Intonation is the rise and fall in the pitch of voice. This rise and fall is important because as Onuigbo (2001) states, it makes the listener understand the attitude of the speaker. Failure to make correct use of English intonation may lead to a collapse in communication between native and non-native speakers of English. This importance of intonation may be the reason why Elugbe (2004) notes that students can not speak good English if they can not handle stress and intonation.

            An important aspect of speaking which is usually neglected in the teaching of Oral English is discourse. Discourse entails that the students engage in conversations or discussions, using language expressions they know. Ameh (2002), citing Obanya and Dada (1983), indicates that one of the skills of oral English which the teacher should teach his/her students is the ability to speak correct sentences in the language for purpose of conversation, self expression and interaction in day-to-day activities. To engage in discourse, the students should know the social conventions of speaking. Social conventions of speaking are unwritten existing rules and ways which tell speakers of a language that language is used in socially acceptable ways to begin, interrupt and end conversations without being impolite (Mgbodile, 1999).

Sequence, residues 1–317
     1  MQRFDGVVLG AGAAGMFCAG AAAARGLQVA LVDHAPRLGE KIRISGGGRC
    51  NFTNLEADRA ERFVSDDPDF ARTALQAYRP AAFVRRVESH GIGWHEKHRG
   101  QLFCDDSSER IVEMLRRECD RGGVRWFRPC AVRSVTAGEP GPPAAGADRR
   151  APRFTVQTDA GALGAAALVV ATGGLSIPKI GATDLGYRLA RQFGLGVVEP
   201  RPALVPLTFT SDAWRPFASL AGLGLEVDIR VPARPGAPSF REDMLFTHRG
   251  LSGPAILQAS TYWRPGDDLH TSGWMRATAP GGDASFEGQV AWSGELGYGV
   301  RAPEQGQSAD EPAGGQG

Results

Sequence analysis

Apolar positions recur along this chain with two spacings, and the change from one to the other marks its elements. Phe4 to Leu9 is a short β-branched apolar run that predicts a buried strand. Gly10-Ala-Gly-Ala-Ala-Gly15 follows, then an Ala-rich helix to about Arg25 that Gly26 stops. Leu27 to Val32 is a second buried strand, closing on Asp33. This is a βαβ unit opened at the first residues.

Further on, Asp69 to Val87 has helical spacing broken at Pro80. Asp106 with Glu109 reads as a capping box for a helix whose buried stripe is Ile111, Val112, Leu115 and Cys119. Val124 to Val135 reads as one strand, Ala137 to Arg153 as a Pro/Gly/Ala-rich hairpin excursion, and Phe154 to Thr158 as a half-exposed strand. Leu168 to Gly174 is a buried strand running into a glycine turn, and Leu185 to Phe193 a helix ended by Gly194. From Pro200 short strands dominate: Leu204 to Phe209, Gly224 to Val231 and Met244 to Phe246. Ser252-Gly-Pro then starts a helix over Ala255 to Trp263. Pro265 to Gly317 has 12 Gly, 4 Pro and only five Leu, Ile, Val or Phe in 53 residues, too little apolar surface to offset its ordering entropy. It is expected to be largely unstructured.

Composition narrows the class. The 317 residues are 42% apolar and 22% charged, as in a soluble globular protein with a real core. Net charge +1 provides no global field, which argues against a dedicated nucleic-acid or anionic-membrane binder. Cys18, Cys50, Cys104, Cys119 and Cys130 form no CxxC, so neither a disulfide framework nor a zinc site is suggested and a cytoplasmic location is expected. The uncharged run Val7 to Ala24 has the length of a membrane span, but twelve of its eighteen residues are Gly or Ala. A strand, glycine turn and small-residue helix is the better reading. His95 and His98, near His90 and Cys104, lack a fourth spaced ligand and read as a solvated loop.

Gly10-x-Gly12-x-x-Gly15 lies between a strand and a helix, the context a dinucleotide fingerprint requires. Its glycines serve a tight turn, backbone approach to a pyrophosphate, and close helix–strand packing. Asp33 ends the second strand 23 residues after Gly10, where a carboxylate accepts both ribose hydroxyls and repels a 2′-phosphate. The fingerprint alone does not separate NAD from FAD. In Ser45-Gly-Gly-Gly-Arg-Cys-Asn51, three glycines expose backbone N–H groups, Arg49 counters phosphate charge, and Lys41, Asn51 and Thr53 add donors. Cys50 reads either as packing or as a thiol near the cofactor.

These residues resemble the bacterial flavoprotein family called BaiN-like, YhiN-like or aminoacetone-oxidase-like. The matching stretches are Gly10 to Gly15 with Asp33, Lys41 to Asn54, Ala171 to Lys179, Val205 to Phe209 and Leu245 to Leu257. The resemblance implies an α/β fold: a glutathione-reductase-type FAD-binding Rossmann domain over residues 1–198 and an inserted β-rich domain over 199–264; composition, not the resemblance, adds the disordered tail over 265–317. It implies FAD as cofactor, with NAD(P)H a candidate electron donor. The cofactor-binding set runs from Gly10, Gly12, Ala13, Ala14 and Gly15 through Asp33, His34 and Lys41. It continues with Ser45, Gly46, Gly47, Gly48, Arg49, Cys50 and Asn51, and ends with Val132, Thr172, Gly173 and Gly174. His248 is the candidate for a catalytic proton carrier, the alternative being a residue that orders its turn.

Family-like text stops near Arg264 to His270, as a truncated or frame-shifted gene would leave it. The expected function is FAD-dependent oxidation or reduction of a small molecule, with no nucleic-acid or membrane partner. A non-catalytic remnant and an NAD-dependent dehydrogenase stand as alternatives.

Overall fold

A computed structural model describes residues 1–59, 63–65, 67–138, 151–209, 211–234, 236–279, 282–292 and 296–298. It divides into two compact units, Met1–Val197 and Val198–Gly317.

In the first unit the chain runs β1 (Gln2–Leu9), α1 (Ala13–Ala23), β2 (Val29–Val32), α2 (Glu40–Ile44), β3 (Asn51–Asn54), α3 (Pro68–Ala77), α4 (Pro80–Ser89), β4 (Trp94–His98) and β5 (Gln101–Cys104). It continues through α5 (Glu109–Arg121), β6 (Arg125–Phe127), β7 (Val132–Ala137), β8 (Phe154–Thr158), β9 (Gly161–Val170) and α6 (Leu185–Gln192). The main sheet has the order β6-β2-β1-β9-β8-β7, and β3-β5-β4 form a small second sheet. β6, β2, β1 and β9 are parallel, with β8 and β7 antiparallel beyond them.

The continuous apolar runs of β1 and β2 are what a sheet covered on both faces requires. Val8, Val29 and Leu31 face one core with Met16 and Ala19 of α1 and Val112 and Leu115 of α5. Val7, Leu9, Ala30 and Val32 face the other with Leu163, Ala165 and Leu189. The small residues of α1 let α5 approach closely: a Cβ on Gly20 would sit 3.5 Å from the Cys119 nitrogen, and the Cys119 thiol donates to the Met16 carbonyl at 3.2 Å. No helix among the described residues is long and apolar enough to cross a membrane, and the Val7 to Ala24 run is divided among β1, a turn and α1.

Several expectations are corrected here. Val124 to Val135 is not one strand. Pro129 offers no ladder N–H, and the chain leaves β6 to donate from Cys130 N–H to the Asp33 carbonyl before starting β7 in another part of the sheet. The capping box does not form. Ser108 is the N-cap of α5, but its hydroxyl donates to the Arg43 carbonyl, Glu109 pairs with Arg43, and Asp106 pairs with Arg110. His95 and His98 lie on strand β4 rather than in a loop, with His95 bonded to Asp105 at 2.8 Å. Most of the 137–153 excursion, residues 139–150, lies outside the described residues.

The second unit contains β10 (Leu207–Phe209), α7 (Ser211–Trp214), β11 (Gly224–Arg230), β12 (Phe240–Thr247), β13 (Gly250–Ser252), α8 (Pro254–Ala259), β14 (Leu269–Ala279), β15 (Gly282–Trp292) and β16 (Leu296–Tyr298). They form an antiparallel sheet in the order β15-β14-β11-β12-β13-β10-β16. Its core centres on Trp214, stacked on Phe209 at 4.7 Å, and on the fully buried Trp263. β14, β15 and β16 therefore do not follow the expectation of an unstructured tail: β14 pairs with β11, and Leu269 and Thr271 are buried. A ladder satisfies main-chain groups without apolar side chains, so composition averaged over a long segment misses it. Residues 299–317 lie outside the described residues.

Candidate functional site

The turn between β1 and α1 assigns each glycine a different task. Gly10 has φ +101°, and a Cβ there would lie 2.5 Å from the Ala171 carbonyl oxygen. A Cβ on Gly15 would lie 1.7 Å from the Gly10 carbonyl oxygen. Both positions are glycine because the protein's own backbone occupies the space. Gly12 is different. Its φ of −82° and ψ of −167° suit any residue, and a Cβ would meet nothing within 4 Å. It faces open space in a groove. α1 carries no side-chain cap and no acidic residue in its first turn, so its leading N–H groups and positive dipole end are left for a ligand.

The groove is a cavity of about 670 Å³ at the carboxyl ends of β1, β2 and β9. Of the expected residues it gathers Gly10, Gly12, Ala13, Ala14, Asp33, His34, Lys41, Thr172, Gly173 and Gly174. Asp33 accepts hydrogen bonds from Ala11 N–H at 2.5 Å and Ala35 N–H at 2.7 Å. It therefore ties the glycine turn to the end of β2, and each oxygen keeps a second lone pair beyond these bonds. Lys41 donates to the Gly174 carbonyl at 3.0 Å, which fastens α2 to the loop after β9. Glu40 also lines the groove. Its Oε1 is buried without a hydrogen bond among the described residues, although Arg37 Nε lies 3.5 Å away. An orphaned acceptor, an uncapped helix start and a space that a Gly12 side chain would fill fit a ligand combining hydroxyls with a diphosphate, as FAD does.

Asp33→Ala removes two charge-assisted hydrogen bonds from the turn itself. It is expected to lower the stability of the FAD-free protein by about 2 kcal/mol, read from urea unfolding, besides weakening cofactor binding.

Proper teaching and learning of these aspects of oral English will lead to oral English proficiency. Oral English proficiency is often an evidence of competence in English as a second language (ESL). This is because most times, students tend to write as they speak. Students who mispronounce certain sounds or words write likewise. Thus, Elugbe (2004) states that the development of appropriate basic language skills in the learners is the proper way of preparing them for meaningful learning because every teaching and learning involves oral communication. It is necessary, therefore, that the learner is made to acquire this important tool. Unfortunately, more attention tends to be paid to the acquisition of the writing skill while the oral skill receives little attention. 

           The observations of these writers are in line with the statistical reports (1998 and 2003) of English Language Chief Examiners of West African Examination Council (WAEC). The reports indicate that mother tongue (MT) interference was a major hindrance to good essay writing and that speaking and reading culture have not taken root in our secondary schools. Several other reasons have been proffered as the causes of this deterioration. They include the non-availability of oral English teaching aids, lack of motivation (both for the teachers and the students), the insufficient time allotted to English on the school time table and the approach or method used in the teaching of the subject (Otagburuagu, 2002).